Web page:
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Depression: Family and Caregiver Guide

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Life has its ups and downs. We all go through times when we may feel overwhelmed or stressed. These feelings may arise from multiple deployments, relocations or because of life’s every day demands. Clinical depression however, can potentially lead to more serious issues such as death or suicide; therefore, it is important to recognize the symptoms of depression and get the support and resources you need to get help for you or your Soldier.

Symptoms of Depression

Symptoms of depression may include:

  • Persistent sadness or anxiety – may include feelings of irritability, panic or restlessness and episodes of crying or tearfulness.
  • Feelings of hopelessness, pessimism or helplessness – may include feelings of worthlessness or inappropriate guilt.
  • Not wanting to leave the house – may include withdrawing from friends and family.
  • Loss of interest or pleasure in life – may include a loss of interest in sex or other activities that were once pleasurable.
  • Changes in sleep or eating patterns – may include difficulty falling or staying asleep or sleeping too much. It can also cause sudden weight loss or gain.
  • Decreased energy – may include a lack of motivation.
  • Difficulty concentrating – may include memory loss and difficulty making decisions.
  • Persistent physical symptoms – may include headaches, digestive disorders or back pain.
  • Alcohol or substance abuse – may include a significant increase in the amount of alcohol you consume on a regular basis.
  • Thoughts of death or suicide – contact a health care professional immediately if there are thoughts or talk of suicide. You can also contact the Military Crisis Line at 1-800-273-8255.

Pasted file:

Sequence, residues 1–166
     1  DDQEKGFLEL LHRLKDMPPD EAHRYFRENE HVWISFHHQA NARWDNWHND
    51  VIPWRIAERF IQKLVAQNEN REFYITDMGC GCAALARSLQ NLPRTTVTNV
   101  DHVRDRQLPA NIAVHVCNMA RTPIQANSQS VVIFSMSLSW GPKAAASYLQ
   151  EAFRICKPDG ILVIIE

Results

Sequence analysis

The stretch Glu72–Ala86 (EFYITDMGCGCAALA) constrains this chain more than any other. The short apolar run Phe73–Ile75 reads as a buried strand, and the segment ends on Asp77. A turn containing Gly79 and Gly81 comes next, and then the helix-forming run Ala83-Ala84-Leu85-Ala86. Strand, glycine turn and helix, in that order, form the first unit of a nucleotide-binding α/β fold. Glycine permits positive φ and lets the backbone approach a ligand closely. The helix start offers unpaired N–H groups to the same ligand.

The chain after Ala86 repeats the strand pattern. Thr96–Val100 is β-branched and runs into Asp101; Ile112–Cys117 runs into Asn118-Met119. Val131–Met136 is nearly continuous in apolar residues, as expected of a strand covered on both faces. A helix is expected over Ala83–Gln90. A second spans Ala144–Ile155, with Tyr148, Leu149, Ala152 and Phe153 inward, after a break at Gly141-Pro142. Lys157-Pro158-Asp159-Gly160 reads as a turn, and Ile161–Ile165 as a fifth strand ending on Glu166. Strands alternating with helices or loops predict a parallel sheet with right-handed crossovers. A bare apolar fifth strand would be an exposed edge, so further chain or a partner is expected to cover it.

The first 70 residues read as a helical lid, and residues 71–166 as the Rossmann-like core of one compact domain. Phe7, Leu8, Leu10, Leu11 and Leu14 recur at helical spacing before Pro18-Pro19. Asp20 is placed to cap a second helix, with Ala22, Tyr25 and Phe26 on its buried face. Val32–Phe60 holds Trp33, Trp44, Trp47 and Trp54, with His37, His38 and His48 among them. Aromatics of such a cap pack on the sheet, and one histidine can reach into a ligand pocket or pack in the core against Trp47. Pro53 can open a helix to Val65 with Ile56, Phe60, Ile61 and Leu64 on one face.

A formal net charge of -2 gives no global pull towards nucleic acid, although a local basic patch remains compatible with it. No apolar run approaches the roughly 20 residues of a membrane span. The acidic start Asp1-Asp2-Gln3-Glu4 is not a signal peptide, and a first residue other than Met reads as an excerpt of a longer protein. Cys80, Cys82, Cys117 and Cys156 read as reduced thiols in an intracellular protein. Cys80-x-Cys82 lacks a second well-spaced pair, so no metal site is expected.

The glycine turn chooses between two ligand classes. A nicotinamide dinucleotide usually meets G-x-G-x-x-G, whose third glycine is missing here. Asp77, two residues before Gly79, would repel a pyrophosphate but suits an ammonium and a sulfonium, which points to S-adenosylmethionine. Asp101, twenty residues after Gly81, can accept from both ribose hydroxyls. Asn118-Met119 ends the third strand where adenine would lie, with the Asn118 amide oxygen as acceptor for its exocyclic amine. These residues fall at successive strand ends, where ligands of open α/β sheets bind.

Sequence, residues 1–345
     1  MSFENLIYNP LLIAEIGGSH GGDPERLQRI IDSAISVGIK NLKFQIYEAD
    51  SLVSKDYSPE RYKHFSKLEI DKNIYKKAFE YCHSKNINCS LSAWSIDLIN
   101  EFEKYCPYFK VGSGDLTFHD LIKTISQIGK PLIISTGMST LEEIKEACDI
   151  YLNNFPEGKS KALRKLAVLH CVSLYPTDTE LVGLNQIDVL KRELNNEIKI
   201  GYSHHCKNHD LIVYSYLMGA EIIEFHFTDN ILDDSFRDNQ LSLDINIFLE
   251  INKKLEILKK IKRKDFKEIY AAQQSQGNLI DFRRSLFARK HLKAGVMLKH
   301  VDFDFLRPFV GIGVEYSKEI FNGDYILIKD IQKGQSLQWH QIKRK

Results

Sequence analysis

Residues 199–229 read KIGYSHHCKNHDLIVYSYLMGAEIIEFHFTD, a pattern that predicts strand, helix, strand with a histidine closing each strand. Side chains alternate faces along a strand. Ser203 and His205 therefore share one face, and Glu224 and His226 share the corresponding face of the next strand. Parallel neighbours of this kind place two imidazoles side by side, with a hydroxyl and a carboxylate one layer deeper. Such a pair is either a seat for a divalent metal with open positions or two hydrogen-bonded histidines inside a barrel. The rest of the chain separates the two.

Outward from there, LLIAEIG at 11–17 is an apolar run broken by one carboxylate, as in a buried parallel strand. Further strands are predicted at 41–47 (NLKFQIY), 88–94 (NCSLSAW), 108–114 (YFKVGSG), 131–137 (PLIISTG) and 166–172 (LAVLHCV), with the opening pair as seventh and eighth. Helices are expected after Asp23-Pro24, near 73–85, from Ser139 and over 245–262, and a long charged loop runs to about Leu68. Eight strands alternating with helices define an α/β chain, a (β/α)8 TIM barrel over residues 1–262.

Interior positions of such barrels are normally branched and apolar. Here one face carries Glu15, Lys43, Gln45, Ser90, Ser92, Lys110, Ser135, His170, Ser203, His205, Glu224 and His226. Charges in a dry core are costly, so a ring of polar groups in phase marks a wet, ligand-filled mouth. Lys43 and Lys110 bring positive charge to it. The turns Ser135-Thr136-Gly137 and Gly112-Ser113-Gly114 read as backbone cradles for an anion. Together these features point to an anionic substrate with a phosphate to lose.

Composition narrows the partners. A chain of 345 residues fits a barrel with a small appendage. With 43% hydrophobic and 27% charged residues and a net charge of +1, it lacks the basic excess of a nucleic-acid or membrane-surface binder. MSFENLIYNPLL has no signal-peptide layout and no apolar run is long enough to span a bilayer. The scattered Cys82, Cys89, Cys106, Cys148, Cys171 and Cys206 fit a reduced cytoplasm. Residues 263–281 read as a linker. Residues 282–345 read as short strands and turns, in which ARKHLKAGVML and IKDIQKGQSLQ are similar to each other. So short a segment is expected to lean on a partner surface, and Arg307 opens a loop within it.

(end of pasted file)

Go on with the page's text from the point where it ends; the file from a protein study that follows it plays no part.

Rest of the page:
Family members or Caregivers who notice changes in their Soldier that may indicate he/she may be suffering from depression should contact the Soldier’s WTB clinical staff such as the primary care manager, nurse case manager, and social worker or Chaplain. WTC Cadre can assist Family members or Caregivers in providing a healing experience for the Soldier.

The Importance of Self Care

As a Caretaker, many times one overlooks their own needs. It’s important that you take care of yourself. One way is to keep an inventory of your own depressive symptoms and share them with your health care provider. The list below contains a few helpful health tips in maintaining your mental health.

  • Manage your diet
  • Get adequate rest
  • Avoid alcohol
  • Participate in regular exercise
  • Surround yourself with people who are important to you
  • Communicate your feelings to someone you trust
  • Join a social support group in your military community or in your local area

Additional Resources

For additional information on depression, please refer to:

  • The Defense Centers of Excellence: Provides 24/7 help for psychological health issues.
  • Military One Source: Provides non-medical counseling services online, via telephone, or in-person, as well as access to other mental health resources.
  • Military Pathways: Provides free, anonymous mental health and alcohol self-assessments for family members and service personnel in all branches including the National Guard and Reserve, as well as referral information provided through the Department of Defense (DoD) and Veterans Affairs (VA).

Frequently Asked Questions

Is depression common?

Yes, depressive disorders are common. They affect an estimated 9.5 percent of adult Americans in a given year, or about 20.9 million people.

Is depression treatable?

Yes, the majority of people who are treated for depression will improve, even those with serious depression. Unfortunately, one-third of sufferers do not seek help, as they do not realize depression is a treatable illness.

Are there any tips that can help me deal with mild depressive feelings?

  • Manage your diet
  • Get adequate rest
  • Avoid alcohol
  • Participate in regular exercise
  • Surround yourself with people who are important to you
  • Communicate your feelings to someone you trust
  • Join a social support group in your military community or in your local area

Is it normal to feel depressed around the holidays?

Feeling down during or after the holiday season is not uncommon. Preparing for the holidays, the increased expectations of family and friends, the sadness of not having a loved one present, or having to say good-bye after a holiday reunion can contribute to a person feeling down. However, if these symptoms persist or if you suspect it might be more serious, contact someone for help.

Related Topics

Mental Health

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